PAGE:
Ms Gray wrote that the Prime Minister and advisers had a lengthy meeting in his office following a press conference before moving into the garden.

"The Prime Minister brought cheese and wine from his flat. The outdoor part of the meeting lasted for 40 minutes to an hour and they were briefly joined by the Prime Minister's wife, during which time the photograph was taken. Martin Reynolds subsequently returned to the office to continue working," she wrote.

"The Prime Minister remained in the garden until around 19.20. There is a further group of four individuals sitting at a table on the terrace. It has not been possible to identify these individuals, but there is no reason to suggest that this was anything other than a further work meeting."

Boris Johnson attended a leaving party for a senior adviser on 13 November 2020

A leaving do for No 10 communications chief Lee Cain occurred when "Wine Time Friday" in Downing Street would normally take place, the report said.

Ms Gray said she was told the event on 13 November 2020 was not pre-planned and that Mr Johnson had joined the gathering on his way to the Downing Street flat.

The Prime Minister made a leaving speech and was among those pictured drinking alcohol at the event.

The report also said that Mr Cain warned Mr Reynolds and Dominic Cummings the 'Bring Your Own Booze' party on 20 May 2020 was "somewhat of a comms risk" and urged for the event to be cancelled, the report says.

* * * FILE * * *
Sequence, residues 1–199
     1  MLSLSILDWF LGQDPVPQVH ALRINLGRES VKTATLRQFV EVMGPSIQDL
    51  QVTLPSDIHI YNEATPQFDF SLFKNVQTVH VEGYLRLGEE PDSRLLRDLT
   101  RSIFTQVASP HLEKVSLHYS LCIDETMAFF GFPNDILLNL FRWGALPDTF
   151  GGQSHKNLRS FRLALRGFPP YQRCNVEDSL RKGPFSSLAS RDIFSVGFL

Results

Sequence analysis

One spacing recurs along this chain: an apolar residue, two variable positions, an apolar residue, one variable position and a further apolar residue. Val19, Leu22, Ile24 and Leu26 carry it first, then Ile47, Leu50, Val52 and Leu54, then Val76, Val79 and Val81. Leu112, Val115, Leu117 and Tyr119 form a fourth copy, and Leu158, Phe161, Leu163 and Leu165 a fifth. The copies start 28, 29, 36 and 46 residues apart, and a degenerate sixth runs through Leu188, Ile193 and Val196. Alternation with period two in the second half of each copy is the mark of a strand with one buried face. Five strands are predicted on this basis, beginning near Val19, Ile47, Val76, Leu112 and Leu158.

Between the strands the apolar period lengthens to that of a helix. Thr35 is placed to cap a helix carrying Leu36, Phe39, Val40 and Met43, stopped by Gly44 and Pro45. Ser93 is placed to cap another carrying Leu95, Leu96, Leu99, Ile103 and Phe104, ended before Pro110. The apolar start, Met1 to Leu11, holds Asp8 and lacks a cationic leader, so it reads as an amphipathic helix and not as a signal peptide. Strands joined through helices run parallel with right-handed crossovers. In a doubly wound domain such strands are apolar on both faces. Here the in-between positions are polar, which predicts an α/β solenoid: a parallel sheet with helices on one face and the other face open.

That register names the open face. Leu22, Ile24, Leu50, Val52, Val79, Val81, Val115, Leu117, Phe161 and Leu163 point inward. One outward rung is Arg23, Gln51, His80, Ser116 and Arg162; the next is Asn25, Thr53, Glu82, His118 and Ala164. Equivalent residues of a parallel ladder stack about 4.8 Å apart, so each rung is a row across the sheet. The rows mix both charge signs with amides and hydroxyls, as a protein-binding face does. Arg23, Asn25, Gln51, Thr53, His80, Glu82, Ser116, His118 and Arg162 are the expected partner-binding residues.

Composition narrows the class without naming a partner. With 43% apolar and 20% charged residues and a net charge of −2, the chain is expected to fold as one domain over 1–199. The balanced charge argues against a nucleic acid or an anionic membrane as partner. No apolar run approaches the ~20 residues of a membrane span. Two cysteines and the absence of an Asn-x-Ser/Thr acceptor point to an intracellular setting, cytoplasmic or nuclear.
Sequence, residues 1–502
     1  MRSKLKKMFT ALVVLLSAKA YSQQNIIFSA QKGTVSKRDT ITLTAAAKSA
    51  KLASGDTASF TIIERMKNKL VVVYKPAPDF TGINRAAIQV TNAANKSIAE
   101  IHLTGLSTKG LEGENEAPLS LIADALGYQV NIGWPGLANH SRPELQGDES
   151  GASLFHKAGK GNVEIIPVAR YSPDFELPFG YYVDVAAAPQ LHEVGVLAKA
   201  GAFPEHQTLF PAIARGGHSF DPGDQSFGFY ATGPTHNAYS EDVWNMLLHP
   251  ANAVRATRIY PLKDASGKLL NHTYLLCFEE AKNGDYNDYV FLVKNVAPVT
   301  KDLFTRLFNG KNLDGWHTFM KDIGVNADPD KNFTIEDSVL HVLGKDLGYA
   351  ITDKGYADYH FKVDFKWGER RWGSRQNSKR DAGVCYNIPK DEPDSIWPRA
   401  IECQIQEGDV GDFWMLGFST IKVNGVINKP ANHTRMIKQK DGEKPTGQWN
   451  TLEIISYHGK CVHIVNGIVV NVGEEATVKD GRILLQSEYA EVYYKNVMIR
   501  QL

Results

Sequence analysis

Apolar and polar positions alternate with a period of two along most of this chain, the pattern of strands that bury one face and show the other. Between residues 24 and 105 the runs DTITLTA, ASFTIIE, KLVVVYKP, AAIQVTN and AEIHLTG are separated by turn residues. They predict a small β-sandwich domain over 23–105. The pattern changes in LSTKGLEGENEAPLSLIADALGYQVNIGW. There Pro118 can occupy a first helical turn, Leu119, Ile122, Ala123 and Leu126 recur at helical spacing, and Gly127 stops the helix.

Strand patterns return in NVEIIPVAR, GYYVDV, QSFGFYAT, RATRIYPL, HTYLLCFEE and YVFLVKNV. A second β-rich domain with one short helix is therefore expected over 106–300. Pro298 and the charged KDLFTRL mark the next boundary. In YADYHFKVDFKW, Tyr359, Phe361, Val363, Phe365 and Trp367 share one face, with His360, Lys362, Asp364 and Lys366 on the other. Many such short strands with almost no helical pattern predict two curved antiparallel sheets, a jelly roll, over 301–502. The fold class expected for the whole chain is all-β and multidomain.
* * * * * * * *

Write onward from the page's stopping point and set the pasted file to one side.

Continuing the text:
According to the investigation, Mr Cain sent an email to Mr Cummings and Mr Reynolds which said: "I'm sure it will be fine - and I applaud the gesture - but a 200-odd person invitation for drinks in the garden of No 10 is somewhat of a comms risk in the current environment."

The report adds: "Lee Cain says he subsequently spoke to Martin Reynolds and advised him that the event should be cancelled. Martin Reynolds does not recall any such conversation. In addition, Dominic Cummings has also said that he too raised concerns, in writing. We have not found any documentary evidence of this."

According to an earlier, shortened version published in January, Ms Gray's investigation analysed events from 15 May 2020 to 16 April 2021.

The full publication into the parties was sidelined as the Metropolitan Police conducted its own partygate probe, dubbed Operation Hillman.

The force concluded its investigation on 19 May, with 126 fines being issued in total to 83 people.

Yesterday, Mayor of London Sadiq Khan wrote to the acting head of the Metropolitan Police Stephen House to explain the force's decisions over the investigation after pictures emerged of Mr Johnson drinking at a gathering for which he was not fined.